5Wei Dai12y
Why do you intend to study physics or economics in college?
Because I'm strongly interested in both subjects, could very well pursue a career in one of them (or related fields), and there are excellent resources for both in the university system, especially for physics (research opportunities, labs, etc.).
7Wei Dai12y
I think the consensus around here is that too many high IQ people go into physics compared to what is socially optimal. Unfortunately my Google-fu is failing me and I can't find the posts/discussions I have in mind. (Anyone want to help me out?) The closest I could find is Paul Christiano's The Value of Theoretical Research.
There's also the comment of Peter Thiel at the 2009 Singularity Summit, referenced here. But in any case note that studying physics in college does not necessarily commit one to "going into" physics. Indeed, Robin Hanson now studies economics professionally but started out studying physics!
4Wei Dai12y
Thanks, I think between you and gwern you've probably covered what I had in mind. From your linked comment: It might be hard to argue that everyone currently working on string theory should shift their attention, but much easier to argue that at the margins, we need more highly capable people working on creating a positive Singularity, or reducing existential risk, or aging, and fewer doing theoretical research. It's unlikely we can make all string theorists shift their attention anyway, but I feel like we'd be doing some good if we could change a few people's minds (like Celestia's for example). Do you disagree? Sure, but if one doesn't intend to pursue a career in physics, why not study something more generally useful, like computer science?
You can do both. Some of the value of adding physics is that it's a credible signal and your classmates are a cut above most other departments (and you do pick up some problem-solving techniques).
Well, you might be thinking of - either de Grey or the mathematician story would do.
Welcome! I got a physics / econ double degree, and I recommend against studying econ in college, unless there are some really good professors at the college you go to. What you suspect about philosophy is true, and even more true for econ. I learned ~2 things in the econ classes I took that I hadn't learned in my personal reading on the subject (whereas I learned quite a bit of physics in classes), and so feel like those classes were wasted opportunities. I strongly recommend a field like computer science instead, if you have the least bit of aptitude for programming. If not, psychology seems like it could be super useful, but the cognitive science is few and far between, or electrical engineering fits with physics pretty well. (I do recommend reading Adam Smith's On The Wealth of Nations at some point if you haven't already. It's easy enough to get through, and it's a remarkably good foundation for the field.) ((Also, *brohoof* :3))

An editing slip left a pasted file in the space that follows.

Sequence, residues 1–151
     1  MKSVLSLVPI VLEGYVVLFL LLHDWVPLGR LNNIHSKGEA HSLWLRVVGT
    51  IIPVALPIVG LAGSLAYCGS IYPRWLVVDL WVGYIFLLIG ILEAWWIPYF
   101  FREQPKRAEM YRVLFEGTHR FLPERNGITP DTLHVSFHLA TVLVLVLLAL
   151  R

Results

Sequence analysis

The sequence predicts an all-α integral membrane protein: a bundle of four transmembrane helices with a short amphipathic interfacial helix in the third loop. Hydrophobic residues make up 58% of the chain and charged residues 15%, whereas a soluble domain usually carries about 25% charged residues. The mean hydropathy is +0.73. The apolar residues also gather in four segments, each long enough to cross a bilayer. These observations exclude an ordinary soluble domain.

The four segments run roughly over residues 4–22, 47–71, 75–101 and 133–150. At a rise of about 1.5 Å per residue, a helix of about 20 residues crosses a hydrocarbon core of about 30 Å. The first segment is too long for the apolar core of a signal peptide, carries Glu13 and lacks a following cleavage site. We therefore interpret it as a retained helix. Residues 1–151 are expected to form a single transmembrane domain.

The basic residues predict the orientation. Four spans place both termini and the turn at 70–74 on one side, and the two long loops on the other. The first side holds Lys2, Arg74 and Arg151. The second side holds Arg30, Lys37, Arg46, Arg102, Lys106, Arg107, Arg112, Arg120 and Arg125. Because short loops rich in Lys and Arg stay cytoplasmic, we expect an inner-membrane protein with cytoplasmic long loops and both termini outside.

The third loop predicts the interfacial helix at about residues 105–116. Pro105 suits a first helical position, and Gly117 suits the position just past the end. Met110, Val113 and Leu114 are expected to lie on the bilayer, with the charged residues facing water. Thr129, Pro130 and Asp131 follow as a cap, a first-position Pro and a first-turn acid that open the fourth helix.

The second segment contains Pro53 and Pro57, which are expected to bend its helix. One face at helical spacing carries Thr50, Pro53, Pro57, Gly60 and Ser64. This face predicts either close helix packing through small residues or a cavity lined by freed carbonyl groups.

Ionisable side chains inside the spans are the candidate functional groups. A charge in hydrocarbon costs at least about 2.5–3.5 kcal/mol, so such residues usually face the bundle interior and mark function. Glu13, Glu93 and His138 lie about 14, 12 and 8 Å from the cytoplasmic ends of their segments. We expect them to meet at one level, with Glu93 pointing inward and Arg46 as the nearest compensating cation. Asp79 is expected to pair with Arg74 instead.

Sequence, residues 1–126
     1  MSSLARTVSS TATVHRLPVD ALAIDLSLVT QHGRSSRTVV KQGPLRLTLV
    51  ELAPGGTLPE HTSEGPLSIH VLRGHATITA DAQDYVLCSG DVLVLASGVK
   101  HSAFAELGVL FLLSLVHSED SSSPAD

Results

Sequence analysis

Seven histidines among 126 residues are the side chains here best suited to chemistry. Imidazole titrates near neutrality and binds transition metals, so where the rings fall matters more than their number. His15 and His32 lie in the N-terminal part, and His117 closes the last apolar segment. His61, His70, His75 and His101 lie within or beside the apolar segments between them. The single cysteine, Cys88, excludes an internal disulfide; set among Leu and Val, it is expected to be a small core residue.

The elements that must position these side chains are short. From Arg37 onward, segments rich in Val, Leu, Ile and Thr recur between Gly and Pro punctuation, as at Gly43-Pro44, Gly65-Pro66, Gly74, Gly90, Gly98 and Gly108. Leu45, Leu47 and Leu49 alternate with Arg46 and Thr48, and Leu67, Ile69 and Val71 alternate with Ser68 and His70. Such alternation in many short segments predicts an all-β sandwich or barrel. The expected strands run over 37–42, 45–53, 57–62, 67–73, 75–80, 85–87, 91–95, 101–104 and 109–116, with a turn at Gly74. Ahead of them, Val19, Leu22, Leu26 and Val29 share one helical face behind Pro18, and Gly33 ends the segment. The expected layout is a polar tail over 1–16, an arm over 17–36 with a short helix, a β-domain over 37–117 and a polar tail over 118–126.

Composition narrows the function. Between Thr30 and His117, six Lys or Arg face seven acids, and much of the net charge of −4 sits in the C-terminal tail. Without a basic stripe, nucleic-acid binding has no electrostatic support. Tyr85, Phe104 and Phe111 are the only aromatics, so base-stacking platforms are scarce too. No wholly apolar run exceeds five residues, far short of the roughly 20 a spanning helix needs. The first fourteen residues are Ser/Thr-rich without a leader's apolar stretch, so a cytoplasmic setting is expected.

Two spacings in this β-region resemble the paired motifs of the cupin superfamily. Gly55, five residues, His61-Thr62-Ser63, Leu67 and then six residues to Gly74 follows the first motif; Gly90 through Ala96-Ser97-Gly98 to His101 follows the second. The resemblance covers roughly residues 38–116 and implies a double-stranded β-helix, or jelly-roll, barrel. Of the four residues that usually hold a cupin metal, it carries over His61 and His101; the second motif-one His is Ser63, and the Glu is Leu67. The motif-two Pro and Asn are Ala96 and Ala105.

Welcome here !

Hello. I found LW from two directions: first, I'm serious about philanthropy, and saw references to LW on GiveWell. Second, my husband and I are reading aloud from Harry Potter and the Methods of Rationality each night.

I'm a grad student in social work. I find that social work has a lot in common with some of LW's goals (mainly self-improvement). Given that LW is aimed at very high-functioning people, which most social work is not, it uses some different methods. But I suspect LW could benefit from some ideas from social work.

Welcome! If you haven't already, you may want to check out some of LessWrong's posts on efficient philanthropy and Luke's sequence on the scientific knowledge behind self-improvement.. People's brains work (mostly) the same way, whether aspiring rationalists or the beneficiaries of social work, so I'd be very interested in reading your perspective on self-improvement in your field.
Welcome! And nice to meet you :) I'd be interested in hearing about social work.

I am a (shy) NEET who has been stalking the blog for some months now but only recently made an account.

Unfortunately, I cannot really remember how I came across Less Wrong but it quickly started affecting me in the same way TV Tropes does (I have about 10 LW tabs open at the moment).

I find the site really interesting and helpful, yet don't expect to comment that often. I feel as if my English and general knowledge are still not on the average level here so I'll read and read until that improves.

I enjoy anime, computer games, looking at images of cute things, Lolita Fashion and reading, among other things.

I dislike sports, don't -usually- find television or movies interesting and mostly dislike social interaction in person (its fine if I do it through the internet).

I tried studying psychology at a local university but all of the classes were full of nonsense (picture a statistics teacher who said his class was not about math but about arithmetic...) and the hall just outside was full of smokers at all times. I have sensitive lungs and can't tolerate smoke.

I hope to learn a lot here~


[This comment is no longer endorsed by its author]Reply

Hello Less Wrong,

I am a 22 year old, caucasian lower class community college student interested in becoming more rational in order to achieve the goal of being useful to the human species. I am a student whose education is taking far too long for financial reasons but I am pursuing a BS in Computer Science and a minor in Cognitive Science because I want to understand human rationality at a deeper level. From there I will decide from my performance in classes if I am smart enough to tackle grad school. I often feel outclassed when reading the discussions here but I plan to learn enough to be useful in conversation just as quick as I can. I intend to become as rational as I am able with my meat brain. I became an atheist in High School, likely about at age 16, but have always deeply suspected there was no god since some brain worm burrowed into my head when I was 6 and said "If something is moral, then it is moral for its own reasons, not because God said so." Though the exact thought that I mulled over in my Sunday School class was "God has to play by the rules." That lead me to always be the devil's advocate in theological discussions (I was raised in a private... (read more)